These were two central themes at yesterday's Un-Bound, Google's conference in NYC.
On giving it away: Chris Anderson, Wired magazine's editor-in-chief and author of The Long Tail (we take a liking to that title), informed us that the average book sells 500 copies a year, and just two (one, two) sold one million copies or more last year. He also said that “giving away free electronic versions of a book is the smart way to distribute content.” Stellar fellow speakers that day, Seth Godin, Cory Doctorow and Tim O'Reilly concurred.
Cory Doctorow might just be the poster child for this strategy (with Seth at a close second). Mind you, most of the free books are indeed e-books, but that is the entire point. Said Cory, "Electronic books are social, and social activity around a book is a key way to selling books."
The time for (big) change is now. For an incredibly conservative, slow-to-adapt, traditional industry, this is no small feat. Tim O'Reilly advised publishers: "We're in an era of tremendous change, and you need to embrace this change." It sounds simplistic, but it is certainly not simple. The (traditional) publishing industry is kicking and screaming while fighting this change. We think they should take a look at media companies who are not only getting it, but doing something about it.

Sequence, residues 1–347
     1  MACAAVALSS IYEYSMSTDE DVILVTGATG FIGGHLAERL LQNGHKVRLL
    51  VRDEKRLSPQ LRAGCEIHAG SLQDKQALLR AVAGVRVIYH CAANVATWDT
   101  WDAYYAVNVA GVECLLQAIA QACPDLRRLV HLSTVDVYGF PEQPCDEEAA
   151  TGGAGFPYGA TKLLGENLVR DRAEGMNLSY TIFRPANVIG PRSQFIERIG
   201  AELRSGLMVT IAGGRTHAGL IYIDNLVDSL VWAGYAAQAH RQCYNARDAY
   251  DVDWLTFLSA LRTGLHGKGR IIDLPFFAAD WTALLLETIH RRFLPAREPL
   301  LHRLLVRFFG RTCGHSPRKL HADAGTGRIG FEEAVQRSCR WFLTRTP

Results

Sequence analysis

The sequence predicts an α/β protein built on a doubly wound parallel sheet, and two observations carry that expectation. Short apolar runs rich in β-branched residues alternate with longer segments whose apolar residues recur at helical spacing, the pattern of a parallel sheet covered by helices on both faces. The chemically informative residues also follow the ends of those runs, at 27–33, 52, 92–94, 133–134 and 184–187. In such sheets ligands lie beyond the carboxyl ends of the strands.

The prize for best closer yesterday goes to Seth. To a backdrop of an image of the galaxy, he said, (with great enthusiasm, and sense of urgency) "In five years you're either going to be the center of the universe, or you're going to be ... Pluto."